The Poor Law Commission was a body established to administrate poor relief after the passing of the Poor Law Amendment Act 1834. The commission was made up of three commissioners who became known as "The Bashaws of Somerset House", their secretary and nine clerks or assistant commissioners. The commission lasted until 1847 when it was replaced by a Poor Law Board the Andover workhouse scandal being one of the reasons for this change.
Edwin Chadwick, one of the writers of the 1832 Royal Commission hoped to become Commissioner but instead only got the post of Secretary. This caused clashes with the Poor Law Commissioners. This was one reason why the Poor Law Commission was eventually abolished there was too much infighting within the organisation.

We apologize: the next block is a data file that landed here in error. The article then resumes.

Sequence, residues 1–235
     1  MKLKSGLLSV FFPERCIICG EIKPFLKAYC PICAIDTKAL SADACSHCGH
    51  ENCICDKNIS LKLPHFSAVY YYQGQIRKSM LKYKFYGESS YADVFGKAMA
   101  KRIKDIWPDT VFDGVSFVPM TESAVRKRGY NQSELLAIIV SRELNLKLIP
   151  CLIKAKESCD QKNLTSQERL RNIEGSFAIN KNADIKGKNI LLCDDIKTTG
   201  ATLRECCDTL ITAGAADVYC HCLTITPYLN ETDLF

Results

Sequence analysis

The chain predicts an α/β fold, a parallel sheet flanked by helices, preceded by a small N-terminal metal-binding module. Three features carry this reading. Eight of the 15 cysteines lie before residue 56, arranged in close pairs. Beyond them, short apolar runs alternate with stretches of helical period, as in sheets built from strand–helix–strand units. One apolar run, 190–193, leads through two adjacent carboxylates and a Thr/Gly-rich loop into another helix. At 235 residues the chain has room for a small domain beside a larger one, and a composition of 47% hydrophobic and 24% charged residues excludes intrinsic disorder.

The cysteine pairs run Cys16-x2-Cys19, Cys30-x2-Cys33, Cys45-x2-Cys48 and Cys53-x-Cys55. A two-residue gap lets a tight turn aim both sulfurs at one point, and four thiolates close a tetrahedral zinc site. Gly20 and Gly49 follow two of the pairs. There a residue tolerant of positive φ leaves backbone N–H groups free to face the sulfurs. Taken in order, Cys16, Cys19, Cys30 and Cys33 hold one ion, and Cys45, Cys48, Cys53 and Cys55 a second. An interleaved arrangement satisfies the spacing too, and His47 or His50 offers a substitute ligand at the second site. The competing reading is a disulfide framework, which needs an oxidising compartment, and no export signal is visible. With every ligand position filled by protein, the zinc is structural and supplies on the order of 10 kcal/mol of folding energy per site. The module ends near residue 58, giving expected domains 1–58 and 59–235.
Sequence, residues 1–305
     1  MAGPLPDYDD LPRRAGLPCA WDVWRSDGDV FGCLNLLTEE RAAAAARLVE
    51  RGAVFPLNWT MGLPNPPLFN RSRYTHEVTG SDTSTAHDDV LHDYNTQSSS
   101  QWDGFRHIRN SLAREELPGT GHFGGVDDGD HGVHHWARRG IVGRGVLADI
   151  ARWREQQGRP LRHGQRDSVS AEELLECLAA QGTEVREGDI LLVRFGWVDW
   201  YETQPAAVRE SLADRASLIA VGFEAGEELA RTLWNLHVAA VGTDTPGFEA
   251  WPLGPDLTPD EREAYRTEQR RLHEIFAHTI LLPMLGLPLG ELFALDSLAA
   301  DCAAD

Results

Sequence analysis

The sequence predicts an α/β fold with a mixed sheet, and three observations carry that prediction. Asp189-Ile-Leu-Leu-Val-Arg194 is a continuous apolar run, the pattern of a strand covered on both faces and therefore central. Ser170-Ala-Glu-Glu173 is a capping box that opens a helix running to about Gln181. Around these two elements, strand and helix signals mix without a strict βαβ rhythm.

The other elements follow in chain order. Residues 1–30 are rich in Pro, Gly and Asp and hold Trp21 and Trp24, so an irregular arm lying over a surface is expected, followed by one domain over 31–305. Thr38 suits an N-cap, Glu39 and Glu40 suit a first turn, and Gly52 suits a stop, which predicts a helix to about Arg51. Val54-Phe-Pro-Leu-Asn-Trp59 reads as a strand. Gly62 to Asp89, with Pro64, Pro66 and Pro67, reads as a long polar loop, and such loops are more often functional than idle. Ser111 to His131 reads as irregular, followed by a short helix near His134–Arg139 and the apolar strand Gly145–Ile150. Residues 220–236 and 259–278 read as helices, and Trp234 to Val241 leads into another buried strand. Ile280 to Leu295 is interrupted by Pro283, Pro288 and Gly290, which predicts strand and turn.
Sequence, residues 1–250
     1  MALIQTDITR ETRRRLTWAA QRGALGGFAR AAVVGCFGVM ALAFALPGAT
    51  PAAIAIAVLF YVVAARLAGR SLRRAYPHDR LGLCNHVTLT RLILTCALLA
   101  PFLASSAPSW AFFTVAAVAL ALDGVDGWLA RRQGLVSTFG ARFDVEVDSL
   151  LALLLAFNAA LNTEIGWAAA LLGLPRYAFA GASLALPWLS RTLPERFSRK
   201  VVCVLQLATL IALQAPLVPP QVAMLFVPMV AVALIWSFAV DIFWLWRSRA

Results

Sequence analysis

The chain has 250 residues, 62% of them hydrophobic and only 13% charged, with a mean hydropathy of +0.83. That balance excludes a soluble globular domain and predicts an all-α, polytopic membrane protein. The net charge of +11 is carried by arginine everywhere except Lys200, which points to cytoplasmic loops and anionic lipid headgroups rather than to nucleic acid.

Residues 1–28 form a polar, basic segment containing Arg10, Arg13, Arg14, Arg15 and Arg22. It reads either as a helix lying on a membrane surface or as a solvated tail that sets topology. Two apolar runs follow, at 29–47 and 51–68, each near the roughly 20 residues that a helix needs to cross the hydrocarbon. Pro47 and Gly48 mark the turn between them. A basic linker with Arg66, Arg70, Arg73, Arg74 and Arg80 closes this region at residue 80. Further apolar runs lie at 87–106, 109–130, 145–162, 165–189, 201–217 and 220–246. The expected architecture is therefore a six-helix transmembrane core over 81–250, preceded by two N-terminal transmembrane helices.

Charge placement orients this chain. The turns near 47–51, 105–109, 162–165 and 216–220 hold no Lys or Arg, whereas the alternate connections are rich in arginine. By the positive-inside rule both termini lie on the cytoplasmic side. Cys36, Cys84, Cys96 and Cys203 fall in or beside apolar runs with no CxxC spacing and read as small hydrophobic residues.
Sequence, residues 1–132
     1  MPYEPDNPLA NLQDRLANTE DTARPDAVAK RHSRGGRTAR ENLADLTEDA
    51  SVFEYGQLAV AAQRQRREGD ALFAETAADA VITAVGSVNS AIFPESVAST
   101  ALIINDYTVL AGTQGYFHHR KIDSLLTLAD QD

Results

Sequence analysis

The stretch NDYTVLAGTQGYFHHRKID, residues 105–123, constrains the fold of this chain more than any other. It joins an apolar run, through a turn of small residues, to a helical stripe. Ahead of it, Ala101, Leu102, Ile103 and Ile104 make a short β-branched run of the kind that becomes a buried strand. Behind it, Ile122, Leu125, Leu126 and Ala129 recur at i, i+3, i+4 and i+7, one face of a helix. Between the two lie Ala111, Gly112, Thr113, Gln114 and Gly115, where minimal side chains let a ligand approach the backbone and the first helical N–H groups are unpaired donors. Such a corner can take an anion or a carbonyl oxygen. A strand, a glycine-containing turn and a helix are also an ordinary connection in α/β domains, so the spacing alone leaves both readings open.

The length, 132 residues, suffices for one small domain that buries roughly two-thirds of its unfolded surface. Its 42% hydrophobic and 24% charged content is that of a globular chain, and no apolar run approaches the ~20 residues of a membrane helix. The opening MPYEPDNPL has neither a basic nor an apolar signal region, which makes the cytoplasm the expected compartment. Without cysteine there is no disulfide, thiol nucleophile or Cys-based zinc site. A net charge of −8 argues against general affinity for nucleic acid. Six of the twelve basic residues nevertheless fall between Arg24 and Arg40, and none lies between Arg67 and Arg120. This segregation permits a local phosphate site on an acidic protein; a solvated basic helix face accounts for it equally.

The Poor Law Commission was independent of Parliament. This made it vulnerable to criticism from those inside Parliament. In the parishes the commissioners were almost universally hated. The Commission had the power to issue directives but there was no way to make parishes do what the Commission wanted them to do. The Commission however did have powers over dietaries for the workhouse and it could veto appointments to Boards of Guardians therefore making it difficult for the parishes that opposed it.
Implementation of the Poor Law
Edwin Chadwick, the Secretary to the Poor Law Commission, wanted the... Read More